Nagoonberry

This world. This place. This life.

Finding “Bright Galaxy”

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One of our assignments for UU History class was to prepare a class presentation about our home congregation’s history.  I chose to look at the Anchorage UU Fellowship’s history through the lens of its origins in the Fellowship Movement.

I had previously read two UU World articles about TFM earlier.  The story of the Boulder Fellowship’s beginnings still rings in my ears (“You’ll have to do it yourself.”)

As I returned to those articles, I noticed a reference to Bright Galaxy, a book about TFM published in 1960.  Intrigued, I tried to track it down online.  No luck.

Meanwhile, my interest in TFM was growing.  A tiny spark was becoming a flame, and conversations during my first two days at Meadville last week fanned the fire.

Then last Tuesday the Meadville students hosted a pizza party at the historic Meadville-Lombard building that was recently sold to the University of Chicago.

Curious, I took a self-directed tour.  In the library I found a small bookshelf, piled high and overflowing with stacks of books.  Above it a sign said, “Free Books.”  (ML is paring down in preparation for its move.)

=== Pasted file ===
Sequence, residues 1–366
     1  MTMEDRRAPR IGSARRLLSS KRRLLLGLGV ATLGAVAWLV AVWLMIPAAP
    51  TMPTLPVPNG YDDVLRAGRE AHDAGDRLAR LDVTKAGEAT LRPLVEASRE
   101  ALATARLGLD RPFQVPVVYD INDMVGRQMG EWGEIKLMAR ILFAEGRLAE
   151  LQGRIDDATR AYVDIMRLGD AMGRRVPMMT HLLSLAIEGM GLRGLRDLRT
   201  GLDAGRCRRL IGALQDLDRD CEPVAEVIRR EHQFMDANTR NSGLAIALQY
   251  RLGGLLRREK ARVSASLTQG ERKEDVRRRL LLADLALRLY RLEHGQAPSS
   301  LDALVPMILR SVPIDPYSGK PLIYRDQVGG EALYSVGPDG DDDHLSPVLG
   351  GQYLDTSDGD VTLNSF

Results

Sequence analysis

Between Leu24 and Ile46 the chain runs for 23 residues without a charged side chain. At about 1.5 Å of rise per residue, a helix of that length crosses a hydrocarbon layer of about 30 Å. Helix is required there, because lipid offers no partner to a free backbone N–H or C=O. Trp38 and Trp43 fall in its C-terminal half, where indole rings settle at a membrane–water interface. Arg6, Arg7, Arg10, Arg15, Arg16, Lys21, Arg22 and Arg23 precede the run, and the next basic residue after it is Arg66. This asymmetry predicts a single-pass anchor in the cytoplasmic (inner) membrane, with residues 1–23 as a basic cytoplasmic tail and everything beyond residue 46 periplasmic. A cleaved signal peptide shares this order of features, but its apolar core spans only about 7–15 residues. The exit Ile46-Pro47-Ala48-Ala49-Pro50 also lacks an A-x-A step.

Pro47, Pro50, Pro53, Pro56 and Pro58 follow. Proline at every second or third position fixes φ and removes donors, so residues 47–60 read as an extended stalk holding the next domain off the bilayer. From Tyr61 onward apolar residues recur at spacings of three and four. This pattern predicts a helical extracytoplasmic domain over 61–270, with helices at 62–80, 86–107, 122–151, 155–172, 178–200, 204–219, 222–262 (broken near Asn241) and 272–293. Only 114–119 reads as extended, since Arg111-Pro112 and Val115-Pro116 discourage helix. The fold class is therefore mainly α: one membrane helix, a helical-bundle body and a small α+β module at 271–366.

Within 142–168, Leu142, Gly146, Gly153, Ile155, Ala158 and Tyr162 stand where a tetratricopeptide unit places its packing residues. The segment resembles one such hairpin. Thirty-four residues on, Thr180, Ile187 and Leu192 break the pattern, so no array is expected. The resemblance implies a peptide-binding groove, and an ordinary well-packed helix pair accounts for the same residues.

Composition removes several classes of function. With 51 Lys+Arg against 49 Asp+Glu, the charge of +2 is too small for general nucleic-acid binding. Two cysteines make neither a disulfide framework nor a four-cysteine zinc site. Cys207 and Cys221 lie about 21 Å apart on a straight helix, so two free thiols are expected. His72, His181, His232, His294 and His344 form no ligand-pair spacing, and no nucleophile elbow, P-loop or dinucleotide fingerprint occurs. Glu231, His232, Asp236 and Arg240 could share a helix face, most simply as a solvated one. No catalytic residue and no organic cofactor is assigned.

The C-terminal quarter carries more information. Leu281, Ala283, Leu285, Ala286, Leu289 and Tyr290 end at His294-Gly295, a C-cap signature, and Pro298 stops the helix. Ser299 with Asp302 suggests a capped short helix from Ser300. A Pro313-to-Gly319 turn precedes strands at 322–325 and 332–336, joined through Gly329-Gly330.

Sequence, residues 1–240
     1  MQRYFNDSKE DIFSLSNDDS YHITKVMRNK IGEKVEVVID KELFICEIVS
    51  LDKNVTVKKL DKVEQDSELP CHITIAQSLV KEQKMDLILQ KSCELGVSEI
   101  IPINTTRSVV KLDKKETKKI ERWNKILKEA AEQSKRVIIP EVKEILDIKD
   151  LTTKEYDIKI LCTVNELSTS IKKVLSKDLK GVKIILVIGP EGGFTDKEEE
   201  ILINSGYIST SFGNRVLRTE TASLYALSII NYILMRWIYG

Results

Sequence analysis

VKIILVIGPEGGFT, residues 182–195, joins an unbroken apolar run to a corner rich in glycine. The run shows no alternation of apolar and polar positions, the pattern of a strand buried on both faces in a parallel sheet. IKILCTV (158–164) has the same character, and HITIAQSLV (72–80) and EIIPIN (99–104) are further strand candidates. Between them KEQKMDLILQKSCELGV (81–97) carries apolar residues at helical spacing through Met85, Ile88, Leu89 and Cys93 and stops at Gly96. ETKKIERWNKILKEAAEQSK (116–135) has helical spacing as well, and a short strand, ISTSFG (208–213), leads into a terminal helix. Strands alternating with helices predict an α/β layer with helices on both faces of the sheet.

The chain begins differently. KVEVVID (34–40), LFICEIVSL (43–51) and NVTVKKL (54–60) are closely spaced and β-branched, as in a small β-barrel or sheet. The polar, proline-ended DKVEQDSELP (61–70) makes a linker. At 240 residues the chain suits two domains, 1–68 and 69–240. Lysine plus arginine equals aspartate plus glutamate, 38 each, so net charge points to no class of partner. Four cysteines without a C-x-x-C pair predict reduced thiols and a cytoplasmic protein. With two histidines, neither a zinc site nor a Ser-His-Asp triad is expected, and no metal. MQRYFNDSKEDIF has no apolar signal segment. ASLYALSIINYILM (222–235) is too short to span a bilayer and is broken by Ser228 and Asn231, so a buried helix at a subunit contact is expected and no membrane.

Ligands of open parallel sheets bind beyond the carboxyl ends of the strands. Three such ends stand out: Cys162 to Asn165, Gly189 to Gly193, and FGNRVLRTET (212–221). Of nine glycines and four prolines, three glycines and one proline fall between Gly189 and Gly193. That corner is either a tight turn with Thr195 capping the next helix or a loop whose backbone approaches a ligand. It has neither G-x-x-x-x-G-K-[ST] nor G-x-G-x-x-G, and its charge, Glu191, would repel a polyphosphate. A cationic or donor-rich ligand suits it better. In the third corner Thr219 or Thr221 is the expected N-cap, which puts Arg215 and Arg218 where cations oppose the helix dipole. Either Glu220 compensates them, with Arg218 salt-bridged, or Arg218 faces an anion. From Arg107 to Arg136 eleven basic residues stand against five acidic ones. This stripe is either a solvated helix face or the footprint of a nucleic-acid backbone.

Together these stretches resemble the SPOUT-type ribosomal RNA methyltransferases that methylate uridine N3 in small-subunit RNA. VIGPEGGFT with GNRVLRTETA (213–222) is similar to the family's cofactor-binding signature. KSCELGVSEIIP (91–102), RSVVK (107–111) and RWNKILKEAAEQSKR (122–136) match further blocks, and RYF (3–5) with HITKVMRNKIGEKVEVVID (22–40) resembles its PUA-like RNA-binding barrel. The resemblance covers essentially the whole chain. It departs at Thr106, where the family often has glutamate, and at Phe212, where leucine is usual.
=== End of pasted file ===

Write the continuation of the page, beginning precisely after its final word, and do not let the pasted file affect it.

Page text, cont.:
Sitting on top, right at eye level, was Bright Galaxy.

In the months leading up to this class, I’d planned to write my final paper on pluralism, trying to answer for myself the question of how this tradition, with its Christian origins, had become the theologically diverse faith it is today.

Finding Bright Galaxy, and continuing conversations with my classmates, changed that plan.  Now I’m writing about the Fellowship Movement–what was hoped for, what went wrong, what we can learn from the experience.

On the plane home from Chicago, Bright Galaxy was my companion.  Somewhere over Alberta I read that Laile Bartlett, the author, considered the Plymouth Brethren to be one of the spiritual forbears of the Fellowship Movement.  I spent the first 20 years of my life among the Plymouth Brethren.

There is a deep satisfaction when life folds over on itself, and the past is suddenly useful.

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5 thoughts on “Finding “Bright Galaxy”

  1. It’s a fun read, too, if I well remember. Shame it’s so hard to find now.

  2. Oh man! I missed the free book grab. I agree with Scott. My memory is of a fun read…

  3. I wonder if the lay-led aspect will have any resonance with your Plymouth Brethren roots? Maybe not, because the foundations are so theologically different (or does theology really matter to why a congregation works?)

    I went looking just now and found another reference that you probably already know, Holly Ulbrich The Fellowship Movement, 2008.

  4. @Adam–They’re really pruning their books. Almost every floor of the library had stacks of books free for the taking. I could have used a week in Chicago just to sort through them. Sigh.

    @Tom–Deep resonance. I’ve left behind most of that theology, but certain aspects still make sense to me. PBs have an aversion to “one-man ministry” that speaks to current reality among UUs. Why would a congregation want to hand over leadership to one person? Or listen to that one person week after week, year after year?

  5. Pingback: Boy in the Bands - Orphan works and Unitarian Universalism

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